After basically writing a design doc for the game we kicked off our wargaming-way inspired game last Saturday. It was a blast, but in a way that seems aesthetic-adjacent to two of the more predominant takes on games in the general vicinity of old school and the wargaming way.
So you’ve got some adventurers going into a deathtrap, usually underground, and trying to get something of value back out. That’s the basic pitch. The two most common aesthetics that seem to get applied to this are grimdark metal or fantasy Vietnam.
The grimdark metal aesthetic is all despair, darkness, and some shock. There’s a dwelling on embellishment on the sensory aspects of strange creatures and horrible deaths. It often comes with that one metal font, you know the one, and art that would fit on a adjective metal album. It’s slightly exaggerated, dark, and grimy.
The fantasy Vietnam aesthetic is military fiction of the bleaker sort, but with dragons (or more likely kobolds). There’s a nod towards how awful this would be in real life. It’s less exaggerated and more plain-spoken, but still concerned with the fact that the situation is awful.
These aesthetic poles seem to map a lot of old-school challenge-oriented games and supplements between them. No system or adventure is entirely either, but most pull towards one or the other in some way. And some of the old-school-ish things that are more about the genre than the challenge-oriented approach that Eero calls the wargaming war aren’t particularly close to either.
Our game, though, is drifting towards a third aesthetic pole that doesn’t seem to show up as often in the more challenge-oriented systems and adventures. It’s not particularly grim or concerned with how bad the situation would actually be to live through, engaging instead more like a sport.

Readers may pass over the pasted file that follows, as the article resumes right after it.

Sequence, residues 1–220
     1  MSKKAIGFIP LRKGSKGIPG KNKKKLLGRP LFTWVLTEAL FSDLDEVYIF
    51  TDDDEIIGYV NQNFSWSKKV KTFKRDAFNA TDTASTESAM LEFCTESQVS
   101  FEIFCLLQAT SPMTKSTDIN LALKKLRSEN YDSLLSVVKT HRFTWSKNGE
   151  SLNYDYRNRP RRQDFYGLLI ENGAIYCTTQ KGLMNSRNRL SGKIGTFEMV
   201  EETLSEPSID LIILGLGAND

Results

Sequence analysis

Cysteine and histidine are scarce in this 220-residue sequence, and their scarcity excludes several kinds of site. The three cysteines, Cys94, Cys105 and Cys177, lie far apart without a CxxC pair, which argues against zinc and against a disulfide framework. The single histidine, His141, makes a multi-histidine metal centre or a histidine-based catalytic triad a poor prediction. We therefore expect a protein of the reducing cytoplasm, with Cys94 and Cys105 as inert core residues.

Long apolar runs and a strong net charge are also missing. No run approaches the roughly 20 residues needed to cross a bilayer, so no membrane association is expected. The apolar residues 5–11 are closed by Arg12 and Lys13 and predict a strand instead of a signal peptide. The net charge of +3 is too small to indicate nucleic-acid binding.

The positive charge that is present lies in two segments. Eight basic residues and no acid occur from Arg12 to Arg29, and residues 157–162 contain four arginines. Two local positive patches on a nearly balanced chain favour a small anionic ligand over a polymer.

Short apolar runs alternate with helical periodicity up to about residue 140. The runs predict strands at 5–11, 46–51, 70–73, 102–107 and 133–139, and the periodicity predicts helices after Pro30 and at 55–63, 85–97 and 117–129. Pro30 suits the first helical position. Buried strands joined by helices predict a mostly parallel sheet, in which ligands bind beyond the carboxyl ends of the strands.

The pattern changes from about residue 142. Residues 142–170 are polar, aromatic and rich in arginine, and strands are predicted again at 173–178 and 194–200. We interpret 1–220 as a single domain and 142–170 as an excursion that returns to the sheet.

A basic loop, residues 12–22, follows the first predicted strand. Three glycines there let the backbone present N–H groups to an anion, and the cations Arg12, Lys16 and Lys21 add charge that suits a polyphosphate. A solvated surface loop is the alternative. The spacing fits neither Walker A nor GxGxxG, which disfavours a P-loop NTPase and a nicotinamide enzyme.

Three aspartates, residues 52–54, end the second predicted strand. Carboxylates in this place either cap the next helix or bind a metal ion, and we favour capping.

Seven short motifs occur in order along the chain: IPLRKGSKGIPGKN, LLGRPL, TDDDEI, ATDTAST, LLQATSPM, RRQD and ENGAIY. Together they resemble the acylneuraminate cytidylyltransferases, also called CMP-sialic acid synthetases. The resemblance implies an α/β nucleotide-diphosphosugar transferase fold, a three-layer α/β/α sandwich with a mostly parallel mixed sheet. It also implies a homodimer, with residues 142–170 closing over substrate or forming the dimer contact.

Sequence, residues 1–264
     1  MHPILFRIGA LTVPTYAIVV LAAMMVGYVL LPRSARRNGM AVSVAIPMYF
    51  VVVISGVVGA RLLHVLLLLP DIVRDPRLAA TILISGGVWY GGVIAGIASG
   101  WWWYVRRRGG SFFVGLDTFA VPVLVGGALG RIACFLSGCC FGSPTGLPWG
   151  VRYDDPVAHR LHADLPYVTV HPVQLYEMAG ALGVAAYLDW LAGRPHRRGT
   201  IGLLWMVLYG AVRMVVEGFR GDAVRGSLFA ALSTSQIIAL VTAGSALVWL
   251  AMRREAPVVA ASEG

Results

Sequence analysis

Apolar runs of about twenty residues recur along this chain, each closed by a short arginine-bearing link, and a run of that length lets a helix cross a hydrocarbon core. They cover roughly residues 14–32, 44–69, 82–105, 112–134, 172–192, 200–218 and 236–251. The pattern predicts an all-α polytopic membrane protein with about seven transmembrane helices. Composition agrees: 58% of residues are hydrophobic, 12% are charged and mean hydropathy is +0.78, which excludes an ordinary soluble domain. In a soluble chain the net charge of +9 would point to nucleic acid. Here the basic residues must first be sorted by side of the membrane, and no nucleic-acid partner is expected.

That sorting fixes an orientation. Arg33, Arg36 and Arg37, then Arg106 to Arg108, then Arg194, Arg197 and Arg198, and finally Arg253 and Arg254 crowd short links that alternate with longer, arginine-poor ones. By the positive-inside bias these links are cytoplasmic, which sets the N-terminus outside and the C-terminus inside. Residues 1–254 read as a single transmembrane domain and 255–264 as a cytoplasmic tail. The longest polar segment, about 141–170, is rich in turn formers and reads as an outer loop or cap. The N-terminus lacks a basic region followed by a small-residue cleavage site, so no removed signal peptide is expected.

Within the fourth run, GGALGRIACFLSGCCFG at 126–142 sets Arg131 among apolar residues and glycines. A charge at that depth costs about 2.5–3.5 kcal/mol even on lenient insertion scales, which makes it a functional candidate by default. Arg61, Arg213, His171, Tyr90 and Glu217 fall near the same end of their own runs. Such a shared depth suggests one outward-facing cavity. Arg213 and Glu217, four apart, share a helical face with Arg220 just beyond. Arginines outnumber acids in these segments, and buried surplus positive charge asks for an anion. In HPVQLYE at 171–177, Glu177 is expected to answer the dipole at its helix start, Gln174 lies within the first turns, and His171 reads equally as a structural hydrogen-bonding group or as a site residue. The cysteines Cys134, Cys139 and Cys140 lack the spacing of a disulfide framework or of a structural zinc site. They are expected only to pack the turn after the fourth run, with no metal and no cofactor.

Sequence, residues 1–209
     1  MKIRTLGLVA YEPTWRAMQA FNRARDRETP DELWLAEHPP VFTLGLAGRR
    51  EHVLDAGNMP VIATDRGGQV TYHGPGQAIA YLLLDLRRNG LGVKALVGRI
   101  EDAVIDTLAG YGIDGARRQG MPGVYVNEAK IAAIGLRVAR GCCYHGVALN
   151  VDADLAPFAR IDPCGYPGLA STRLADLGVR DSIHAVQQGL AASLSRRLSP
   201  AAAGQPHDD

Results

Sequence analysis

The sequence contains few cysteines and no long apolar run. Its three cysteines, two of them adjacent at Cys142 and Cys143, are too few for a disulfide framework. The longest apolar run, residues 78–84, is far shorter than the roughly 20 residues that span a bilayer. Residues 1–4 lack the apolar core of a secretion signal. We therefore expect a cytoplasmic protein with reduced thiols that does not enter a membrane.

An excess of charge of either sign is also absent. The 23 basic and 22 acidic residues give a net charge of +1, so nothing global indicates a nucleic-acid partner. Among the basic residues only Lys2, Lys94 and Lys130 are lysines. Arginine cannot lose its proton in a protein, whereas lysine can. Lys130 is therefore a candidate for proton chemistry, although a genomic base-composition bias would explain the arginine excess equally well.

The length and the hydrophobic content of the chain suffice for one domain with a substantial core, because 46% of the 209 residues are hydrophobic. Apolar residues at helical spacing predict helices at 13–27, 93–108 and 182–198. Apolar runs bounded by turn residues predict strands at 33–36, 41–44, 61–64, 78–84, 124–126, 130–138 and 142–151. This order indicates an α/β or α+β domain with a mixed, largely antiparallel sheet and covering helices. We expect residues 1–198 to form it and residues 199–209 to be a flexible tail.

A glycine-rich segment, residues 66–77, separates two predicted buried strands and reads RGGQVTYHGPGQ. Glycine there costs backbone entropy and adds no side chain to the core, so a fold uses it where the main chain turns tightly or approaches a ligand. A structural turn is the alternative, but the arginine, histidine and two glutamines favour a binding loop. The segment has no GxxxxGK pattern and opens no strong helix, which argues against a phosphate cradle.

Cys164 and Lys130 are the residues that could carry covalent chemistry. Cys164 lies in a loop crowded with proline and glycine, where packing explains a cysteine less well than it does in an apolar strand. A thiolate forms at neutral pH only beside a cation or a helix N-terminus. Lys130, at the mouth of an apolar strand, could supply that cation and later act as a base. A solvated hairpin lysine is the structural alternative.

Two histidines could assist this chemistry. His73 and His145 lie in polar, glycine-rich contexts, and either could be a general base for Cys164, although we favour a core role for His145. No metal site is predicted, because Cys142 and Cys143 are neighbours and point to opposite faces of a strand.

An illustration might help: Dead Cells is a fairly difficult rogue-like platforming videogame where you’ll die a lot (it is a rogue-like after all) and you fight all kinds of fairly horrible creatures, but it doesn’t really try to make things feel horrible1. It’s challenging, maybe even brutal, and it describes things that would be unpleasant at least to encounter physically, but it isn’t trying to make that viceral to the player.
That’s more or less the aesthetic our game has hit: an approach to the situation where things can be awful, but the awfulness isn’t the point.
There are systems and adventures that are more towards this pole, but in general they tend to be the ones that are less challenge-oriented. DCC would be a reference point for the aesthetic, but rules-wise it puts a heavier emphasis character abilities as compared to player choices and cunning.
This is probably part of where the “sport” approach resonates with me. Grimdark skews more towards performance, fantasy Vietnam skews more towards military tactics, but we’re approaching the game from a remove that is more like sport2.
- Last week I said I should finish a book and so I did. On Savage Shores done. I’m really enjoying the spread of academic research that dispels or complicates commonly held notions of “civilization” into approachable books (thinking also of The Dawn of Everything).
- Unfortunately my next reading project, Pirate Enlightenment, has been a little less successful. I generally love Graeber, but thus far this book has been more detailed history instead of a more conceptual look, and it suffers for it. I’d expected something building on the ideas from his classic essay There Never Was A West, which still lives rent-free in my brain for pointing out that direct democracy is basically a way to avoid having to actually pick up weapons and fight. In a situation like a pirate ship, with everyone armed and with opinions on important matters, casting votes is basically a proxy for fighting over it.
- My other project this week has been setting up a simple Markdown-based approach to tracking beer (both my current stock and the beers I drink). Sure there’s Untappd for tasting notes and cellar.beer for cellar tracking, but the social media aspects of Untappd (and the corporate ownership) are killing it and cellar.beer is one person’s passion project that could go down at any time. I want to own my own data in as simple and portable a format as possible, so now I have some markdown files with some simple frontmatter and a few scripts to do common things. It’s definitely a hobbyist approach, but it’s been very enjoyable to set up. I’ll probably share a how-to at some point if it works out for a while.